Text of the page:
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Son of a gun a true story maybe ?

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posted on Aug, 7 2017 @ 12:32 AM
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I play golf with a diverse group of guys from different countries. Today one of the guys said "Son of a Gun, I never expected that putt to break that way"... Which reminded me of a story about the route this saying has taken from the British empire days.

Supposedly back when sailing ships and the man of war vessels the Brits used to help rule the British empire from afar pulled into a docking berth the Prostitutes would service the guys who remained upon the ship.. The best place below decks to carry out there trade was actually upon the cannons... Since birth control was more of a miss than a hit some of the girls ended up getting pregnant.. IF the children were not aborted or thrown into a dust bin and were actually registered as a live birth then on the birth certificate you had to list the father... Since many of the girls had no idea who the father was the birth father would be listed as "Son of a Gun".

Just a story but I would not be surprised if there is much truth in this one..




posted on Aug, 7 2017 @ 01:20 AM
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Wow cool story! Makes one wonder about son of a b#tch??



posted on Aug, 7 2017 @ 01:50 AM
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originally posted by: WUNK22
Wow cool story! Makes one wonder about son of a b#tch??


First thing that popped into my mind was the supposedly founders of Rome..."Romulus and Remus".. Now that is a story I find hard to believe..



posted on Aug, 7 2017 @ 06:09 AM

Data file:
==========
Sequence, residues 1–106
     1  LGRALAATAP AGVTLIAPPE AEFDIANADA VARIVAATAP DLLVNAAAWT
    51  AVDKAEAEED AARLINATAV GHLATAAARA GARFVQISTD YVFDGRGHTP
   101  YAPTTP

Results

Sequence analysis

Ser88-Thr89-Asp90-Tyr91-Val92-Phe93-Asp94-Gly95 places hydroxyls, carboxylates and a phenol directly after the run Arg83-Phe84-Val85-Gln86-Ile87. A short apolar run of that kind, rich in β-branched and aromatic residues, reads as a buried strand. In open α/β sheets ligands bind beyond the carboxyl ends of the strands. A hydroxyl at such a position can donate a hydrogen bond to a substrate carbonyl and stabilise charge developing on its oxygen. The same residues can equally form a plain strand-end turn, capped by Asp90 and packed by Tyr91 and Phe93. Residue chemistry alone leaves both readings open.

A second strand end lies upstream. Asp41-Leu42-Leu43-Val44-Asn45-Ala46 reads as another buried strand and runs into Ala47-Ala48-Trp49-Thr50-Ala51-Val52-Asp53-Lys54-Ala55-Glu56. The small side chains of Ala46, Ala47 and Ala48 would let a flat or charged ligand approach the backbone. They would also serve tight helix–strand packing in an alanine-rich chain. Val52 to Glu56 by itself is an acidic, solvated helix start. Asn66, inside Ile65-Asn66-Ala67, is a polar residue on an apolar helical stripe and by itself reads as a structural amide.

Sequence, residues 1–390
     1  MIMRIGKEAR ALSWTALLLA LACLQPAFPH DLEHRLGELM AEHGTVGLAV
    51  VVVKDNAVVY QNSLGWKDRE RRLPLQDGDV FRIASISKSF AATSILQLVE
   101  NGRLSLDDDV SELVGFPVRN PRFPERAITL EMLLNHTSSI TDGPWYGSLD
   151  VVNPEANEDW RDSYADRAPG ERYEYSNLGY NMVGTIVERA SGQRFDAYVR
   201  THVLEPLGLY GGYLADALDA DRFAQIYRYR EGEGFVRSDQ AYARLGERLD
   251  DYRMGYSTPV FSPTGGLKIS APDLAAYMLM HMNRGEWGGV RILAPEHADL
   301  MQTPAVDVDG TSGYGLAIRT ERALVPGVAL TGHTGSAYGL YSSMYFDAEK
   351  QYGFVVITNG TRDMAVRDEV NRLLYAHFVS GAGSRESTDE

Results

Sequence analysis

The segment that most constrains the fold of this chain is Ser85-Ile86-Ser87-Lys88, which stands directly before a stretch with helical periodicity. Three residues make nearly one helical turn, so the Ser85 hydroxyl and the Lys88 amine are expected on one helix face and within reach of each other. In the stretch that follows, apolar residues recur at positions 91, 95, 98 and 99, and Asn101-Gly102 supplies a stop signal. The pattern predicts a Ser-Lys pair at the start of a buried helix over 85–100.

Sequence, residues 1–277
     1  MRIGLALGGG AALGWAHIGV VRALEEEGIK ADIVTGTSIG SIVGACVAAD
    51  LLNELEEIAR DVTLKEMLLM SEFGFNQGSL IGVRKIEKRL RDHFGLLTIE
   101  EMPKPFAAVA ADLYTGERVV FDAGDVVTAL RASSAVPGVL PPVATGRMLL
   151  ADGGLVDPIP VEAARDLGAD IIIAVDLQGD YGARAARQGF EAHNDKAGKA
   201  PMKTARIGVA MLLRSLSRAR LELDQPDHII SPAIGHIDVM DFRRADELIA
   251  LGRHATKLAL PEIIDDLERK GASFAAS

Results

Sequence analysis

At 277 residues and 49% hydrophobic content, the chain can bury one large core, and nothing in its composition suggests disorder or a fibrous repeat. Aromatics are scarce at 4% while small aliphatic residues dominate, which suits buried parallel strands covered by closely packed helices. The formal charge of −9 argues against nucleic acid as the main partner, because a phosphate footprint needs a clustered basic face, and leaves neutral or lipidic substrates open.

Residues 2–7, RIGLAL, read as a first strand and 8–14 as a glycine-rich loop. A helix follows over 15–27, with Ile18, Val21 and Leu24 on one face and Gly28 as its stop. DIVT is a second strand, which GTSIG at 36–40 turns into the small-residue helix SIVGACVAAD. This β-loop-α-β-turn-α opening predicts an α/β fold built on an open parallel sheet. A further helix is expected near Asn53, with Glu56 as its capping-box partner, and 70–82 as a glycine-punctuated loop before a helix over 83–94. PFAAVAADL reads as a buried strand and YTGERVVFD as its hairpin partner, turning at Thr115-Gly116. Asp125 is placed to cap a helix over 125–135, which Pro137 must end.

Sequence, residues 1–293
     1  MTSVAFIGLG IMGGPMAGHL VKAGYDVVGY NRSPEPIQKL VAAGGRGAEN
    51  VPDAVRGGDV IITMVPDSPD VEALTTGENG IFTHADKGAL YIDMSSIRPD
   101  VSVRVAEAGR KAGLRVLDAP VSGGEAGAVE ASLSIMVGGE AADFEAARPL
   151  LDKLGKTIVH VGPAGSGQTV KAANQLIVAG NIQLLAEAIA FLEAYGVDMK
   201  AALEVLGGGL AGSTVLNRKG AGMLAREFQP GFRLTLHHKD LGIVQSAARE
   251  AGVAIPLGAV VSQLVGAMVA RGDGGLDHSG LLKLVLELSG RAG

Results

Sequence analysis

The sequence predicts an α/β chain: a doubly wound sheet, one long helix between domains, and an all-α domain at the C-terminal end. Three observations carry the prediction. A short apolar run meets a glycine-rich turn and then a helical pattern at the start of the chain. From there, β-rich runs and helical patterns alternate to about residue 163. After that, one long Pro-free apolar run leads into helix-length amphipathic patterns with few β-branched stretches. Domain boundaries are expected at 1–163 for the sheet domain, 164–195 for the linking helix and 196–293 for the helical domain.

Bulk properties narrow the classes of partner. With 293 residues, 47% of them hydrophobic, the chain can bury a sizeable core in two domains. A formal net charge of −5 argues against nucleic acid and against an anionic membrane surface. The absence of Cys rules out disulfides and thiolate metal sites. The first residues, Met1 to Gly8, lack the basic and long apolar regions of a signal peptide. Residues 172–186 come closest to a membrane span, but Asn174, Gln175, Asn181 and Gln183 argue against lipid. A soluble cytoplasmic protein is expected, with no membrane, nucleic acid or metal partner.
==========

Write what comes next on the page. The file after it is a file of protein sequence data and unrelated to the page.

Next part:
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It's always interesting to hear these kind of history rid bits.....Cool story . Thanks for sharing !



posted on Aug, 7 2017 @ 06:23 AM
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It's quite amazing how much of modern language comes from the old Navy and Empire days.
Lots of Indian words like Shampoo and Pyjamas, for instance.
Three square meals...The RN fed the ratings on small square platters....Around the edge was a raised area, called a fiddle, so scooping more food than you were allowed meant you were "on the fiddle".

Also, cold enough to "freeze the balls off a brass monkey" Comes from the brass frame that the cannon balls were stored in. Pretty much everything one didn't know the word for was called a monkey by sailors. Brass contracts faster than iron cannon balls in cold weather, when it was cold enough, the brass shrank so much the cannon balls tumbled off.

Finally, everyone is "Mate" aren't they?



posted on Aug, 7 2017 @ 06:28 AM
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a reply to: 727Sky

Thank you for this! I live to learn the little beginnings.



posted on Aug, 7 2017 @ 06:34 AM
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a reply to: 727Sky

sounds better than, little bastard.



posted on Aug, 7 2017 @ 06:53 AM
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damn those myth busters guys told me a different story in this old episode



starts @ 21:56



posted on Aug, 7 2017 @ 08:15 AM
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a reply to: Dr UAE

I think the OP seems more plausible.



posted on Aug, 7 2017 @ 09:05 AM
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a reply to: dfnj2015